Three presenters addressed these important questions. Dr. Josh Wiener from RTI International discussed Value-Based Purchasing and Pay-for-Performance models, which are currently being tested with a three-state demonstration. Rather than use regulatory approaches to nursing home quality, these models offer a new approach with a market orientation. Evan Shulman from the Medicare-Medicaid Coordination Office shifted to the potential for quality improvement by Medicare Advantage “Special Needs Plans” serving institutionalized individuals (I-SNPs). Studies indicate substantial reductions (up to 50%) in hospitalizations among beneficiaries enrolled in I-SNPs. Separate from ISNPs, the Center for Medicare & Medicaid Innovation recently issued an “Initiative to Reduce Avoidable Hospitalizations Among Nursing Facility Residents” to test innovative models to improve quality of care.
To conclude, Dr. David Gifford of the American Healthcare Association shared the perspectives of the nursing home industry, who prefer to be partners in quality improvement but believe they are often simply perceived as vendors. A key challenge for the industry is the fact that the major payors, Medicare and Medicaid, often work at odds with each other. Audience members then questioned how patients and families will perceive these initiatives if they believe that the hospital is or should be the place to go when sick. Including these stakeholders as partners will be key to gaining acceptance and more broad dissemination of these innovative initiatives.
Using Patient-Reported Quality Measures
Patient experience measures are taking on a more prominent role in quality reporting. In the final session, we discussed how health care providers and systems might use patient-reported measures to improve health care for an aging and changing population. Current Fellow Julie Bynum led off the session by discussing how the focus on patient-centered care has heightened interest in the use of patient-experience measures. Patient experience measures reflect not simply how satisfied a patient is with care, but how s/he rates specific aspects of care, such as communication, assessment of patient preferences, and timeliness. The Consumer Assessment of Healthcare Providers and Systems (CAPHS) has developed such instruments for use in physician offices that are set to be more widely used in the ambulatory setting.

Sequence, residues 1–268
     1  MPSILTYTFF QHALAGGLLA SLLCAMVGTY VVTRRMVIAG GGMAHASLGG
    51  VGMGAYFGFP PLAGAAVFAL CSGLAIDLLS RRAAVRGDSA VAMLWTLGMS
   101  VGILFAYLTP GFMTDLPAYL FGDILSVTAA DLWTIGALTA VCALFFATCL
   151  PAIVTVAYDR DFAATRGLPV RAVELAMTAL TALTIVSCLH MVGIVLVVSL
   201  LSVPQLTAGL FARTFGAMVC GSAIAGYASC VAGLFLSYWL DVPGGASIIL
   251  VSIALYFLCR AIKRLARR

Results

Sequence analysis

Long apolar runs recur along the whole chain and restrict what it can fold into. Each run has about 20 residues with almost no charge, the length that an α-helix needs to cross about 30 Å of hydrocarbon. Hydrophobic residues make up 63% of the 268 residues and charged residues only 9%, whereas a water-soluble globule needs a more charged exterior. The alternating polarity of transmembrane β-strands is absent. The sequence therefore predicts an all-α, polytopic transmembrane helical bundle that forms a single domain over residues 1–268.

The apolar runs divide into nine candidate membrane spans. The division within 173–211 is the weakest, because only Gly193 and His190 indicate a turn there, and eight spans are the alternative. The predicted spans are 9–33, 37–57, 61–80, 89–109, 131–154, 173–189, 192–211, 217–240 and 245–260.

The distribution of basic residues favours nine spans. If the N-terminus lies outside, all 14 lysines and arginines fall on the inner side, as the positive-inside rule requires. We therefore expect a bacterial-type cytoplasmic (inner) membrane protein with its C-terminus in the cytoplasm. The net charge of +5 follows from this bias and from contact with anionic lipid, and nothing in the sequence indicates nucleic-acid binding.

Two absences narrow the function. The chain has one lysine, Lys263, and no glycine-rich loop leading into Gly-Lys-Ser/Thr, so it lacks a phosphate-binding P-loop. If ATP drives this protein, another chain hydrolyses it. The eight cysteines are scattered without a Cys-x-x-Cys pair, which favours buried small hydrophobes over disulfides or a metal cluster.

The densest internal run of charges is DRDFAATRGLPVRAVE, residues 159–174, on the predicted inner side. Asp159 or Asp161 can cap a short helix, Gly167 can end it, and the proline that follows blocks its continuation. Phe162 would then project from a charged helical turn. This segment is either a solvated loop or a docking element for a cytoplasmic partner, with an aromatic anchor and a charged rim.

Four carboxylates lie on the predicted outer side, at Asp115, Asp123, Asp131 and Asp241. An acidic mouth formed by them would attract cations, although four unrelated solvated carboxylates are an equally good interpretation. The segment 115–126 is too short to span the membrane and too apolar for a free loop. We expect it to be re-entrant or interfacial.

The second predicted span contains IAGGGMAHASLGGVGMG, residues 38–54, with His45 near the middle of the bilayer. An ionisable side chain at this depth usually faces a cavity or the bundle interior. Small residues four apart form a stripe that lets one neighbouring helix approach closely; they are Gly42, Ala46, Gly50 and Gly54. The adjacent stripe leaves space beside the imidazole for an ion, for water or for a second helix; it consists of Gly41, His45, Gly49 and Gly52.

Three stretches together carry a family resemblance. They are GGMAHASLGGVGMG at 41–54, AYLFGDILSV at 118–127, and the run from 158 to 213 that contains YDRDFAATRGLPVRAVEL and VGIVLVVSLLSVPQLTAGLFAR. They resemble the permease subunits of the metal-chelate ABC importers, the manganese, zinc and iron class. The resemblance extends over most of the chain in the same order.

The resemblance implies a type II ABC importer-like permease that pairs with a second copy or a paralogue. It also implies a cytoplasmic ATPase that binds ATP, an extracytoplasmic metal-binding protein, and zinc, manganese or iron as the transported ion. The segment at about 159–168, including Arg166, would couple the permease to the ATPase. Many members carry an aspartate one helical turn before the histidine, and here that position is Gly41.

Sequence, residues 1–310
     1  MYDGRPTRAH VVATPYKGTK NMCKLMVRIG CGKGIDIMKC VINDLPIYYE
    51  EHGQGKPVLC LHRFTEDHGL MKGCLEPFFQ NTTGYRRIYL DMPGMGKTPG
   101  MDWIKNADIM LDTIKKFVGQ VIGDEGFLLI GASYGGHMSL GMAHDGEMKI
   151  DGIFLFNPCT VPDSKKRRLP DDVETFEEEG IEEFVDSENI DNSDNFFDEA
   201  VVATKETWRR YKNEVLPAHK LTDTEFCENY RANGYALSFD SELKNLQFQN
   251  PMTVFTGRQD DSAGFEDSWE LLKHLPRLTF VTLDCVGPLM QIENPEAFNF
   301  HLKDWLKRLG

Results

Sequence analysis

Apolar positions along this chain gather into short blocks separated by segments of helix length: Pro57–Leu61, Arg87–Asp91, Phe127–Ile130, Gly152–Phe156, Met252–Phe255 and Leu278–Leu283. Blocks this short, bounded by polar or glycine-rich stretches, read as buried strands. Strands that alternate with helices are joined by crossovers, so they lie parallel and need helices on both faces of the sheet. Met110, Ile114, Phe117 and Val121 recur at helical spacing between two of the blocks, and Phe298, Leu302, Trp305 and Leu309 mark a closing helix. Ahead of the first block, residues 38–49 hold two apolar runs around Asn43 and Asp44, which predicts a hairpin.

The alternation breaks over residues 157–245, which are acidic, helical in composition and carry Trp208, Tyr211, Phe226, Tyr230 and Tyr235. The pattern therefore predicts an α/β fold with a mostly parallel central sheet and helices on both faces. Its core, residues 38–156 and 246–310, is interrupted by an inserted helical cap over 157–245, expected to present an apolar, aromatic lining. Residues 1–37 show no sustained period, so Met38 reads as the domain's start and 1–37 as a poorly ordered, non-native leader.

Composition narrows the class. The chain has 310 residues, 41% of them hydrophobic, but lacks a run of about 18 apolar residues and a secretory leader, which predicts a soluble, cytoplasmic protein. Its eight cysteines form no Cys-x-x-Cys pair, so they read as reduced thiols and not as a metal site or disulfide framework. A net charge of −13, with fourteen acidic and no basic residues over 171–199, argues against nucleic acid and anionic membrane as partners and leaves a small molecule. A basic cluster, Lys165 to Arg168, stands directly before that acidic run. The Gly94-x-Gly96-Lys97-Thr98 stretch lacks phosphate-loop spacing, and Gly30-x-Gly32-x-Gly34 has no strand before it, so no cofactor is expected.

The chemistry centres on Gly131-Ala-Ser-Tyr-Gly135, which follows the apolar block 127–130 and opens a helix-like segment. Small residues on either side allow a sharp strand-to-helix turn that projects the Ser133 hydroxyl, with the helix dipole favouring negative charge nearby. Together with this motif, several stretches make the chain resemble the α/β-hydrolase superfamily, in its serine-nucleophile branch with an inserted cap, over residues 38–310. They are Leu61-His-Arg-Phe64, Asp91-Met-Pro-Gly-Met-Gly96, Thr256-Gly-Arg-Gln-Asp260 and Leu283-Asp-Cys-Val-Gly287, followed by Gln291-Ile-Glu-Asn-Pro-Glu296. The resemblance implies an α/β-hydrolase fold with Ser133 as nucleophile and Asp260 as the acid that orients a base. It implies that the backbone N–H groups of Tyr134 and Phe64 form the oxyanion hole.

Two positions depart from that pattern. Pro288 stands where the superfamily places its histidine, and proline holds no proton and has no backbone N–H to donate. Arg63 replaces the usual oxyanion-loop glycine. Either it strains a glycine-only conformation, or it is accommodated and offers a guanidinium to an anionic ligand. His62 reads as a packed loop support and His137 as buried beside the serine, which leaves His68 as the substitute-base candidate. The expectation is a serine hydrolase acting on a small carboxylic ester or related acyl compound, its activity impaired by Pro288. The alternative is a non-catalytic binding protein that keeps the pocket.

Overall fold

Christopher Langston of the Hartford Foundation shared insights from the Foundation’s recent nationally representative survey of people over the age of 65. Respondents indicated a very high level of satisfaction with their primary care physicians, but the responses also indicated low rates of receipt of services and assessments that are often considered the backbone of quality in geriatric care. This survey unmasks the disconnect between generic measures of “satisfaction” as compared to “evidence-based quality metrics.”
Kalahn Taylor-Clark from the National Partnership for Women and Families discussed this disconnect further with special emphasis on how seemingly paradoxical responses can occur when one considers how specific ethnic groups, for example, might differ in what they are seeking in a clinician. Michael Fosina, current Health and Aging Policy Fellow and Executive Director of an urban hospital, concurred. He reported that generally low survey response rates at hospitals like his own have been particularly problematic.
During the discussion, experts in the audience suggested several different uses for patient-reported quality measures, including helping consumers choose a doctor and evaluating physician performance, potentially tied to reimbursement. While it is clear how these measures could be used for the latter, the discussion group suggested that getting people/consumers/families (especially older adults) more engaged in using the reported measures to drive informed choices about their healthcare providers may be challenging. Yet they may be necessary to drive the meaningful change toward patient-centered care for older adults that we seek.
As Health and Aging Policy Fellows, we will be on the front lines of change as we continue to work to move health policy in a direction that benefits older adults. We are grateful for the opportunity to learn as much as possible about key policy issues, and are happy to share that information with others who are deeply committed to improving health care outcomes.
This post was authored by the 2011-12 Health and Aging Policy Fellows.
2011-2012 Health and Aging Policy Fellows
G. Adriana Perez
Dawn Alley (not pictured)